How can I calculate the molar mass of a compound?

May 5, 2014

The molar mass is the combined atomic masses of the elements of the compound. This is referred to as the gram formula mass or the molar mass.

We can complete an example using the molecule Copper (II) Chloride.

Copper (II) Chloride or $C u C {l}_{2}$

There is one atom of copper for every two atoms of chlorine in this molecule.

We will find the molar mass (gfm) of the molecule.

copper has a mass of 63.5 amu (from the periodic able)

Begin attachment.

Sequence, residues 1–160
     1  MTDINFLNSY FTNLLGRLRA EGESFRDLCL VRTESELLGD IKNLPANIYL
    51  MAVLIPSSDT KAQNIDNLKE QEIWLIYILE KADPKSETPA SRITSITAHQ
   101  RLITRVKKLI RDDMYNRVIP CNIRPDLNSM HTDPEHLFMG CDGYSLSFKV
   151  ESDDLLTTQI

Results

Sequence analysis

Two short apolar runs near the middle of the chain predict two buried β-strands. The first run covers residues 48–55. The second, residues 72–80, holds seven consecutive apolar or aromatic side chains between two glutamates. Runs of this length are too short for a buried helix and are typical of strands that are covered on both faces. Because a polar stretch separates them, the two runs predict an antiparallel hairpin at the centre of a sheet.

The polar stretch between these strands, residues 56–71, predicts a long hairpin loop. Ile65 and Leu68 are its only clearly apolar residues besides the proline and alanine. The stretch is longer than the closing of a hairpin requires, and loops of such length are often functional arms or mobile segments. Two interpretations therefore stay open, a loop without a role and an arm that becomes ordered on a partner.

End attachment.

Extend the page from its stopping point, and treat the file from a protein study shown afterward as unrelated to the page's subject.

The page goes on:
chlorine has a mass of 35.45 amu (from the periodic table)

Cu 1 x 63.5 = 63.5
Cl 2 x 35.45 = 70.9

63.5 + 70.9 = 134.4 $\frac{g}{m o l}$ is the molar mass of Copper (II) Chloride.

Lets complete a second example using Glucose.

Glucose is ${C}_{6} {H}_{12} {O}_{6}$

To begin we need to find the molar mass (gram formula mass of the glucose molecule.

carbon has a mass of 12.01 amu (mass from the periodic table)
hydrogen has a mass of 1.01 amu
oxygen has a mass of 15.99 amu

C 6 x 12.01 = 72.06 (atom number x amu)
H 12 x 1.01 = 12.12
O 6 x 15.99 = 95.94

72.06 + 12.12 + 95.94 = 180.12 $\frac{g}{m o l}$ is the molar mass of Glucose.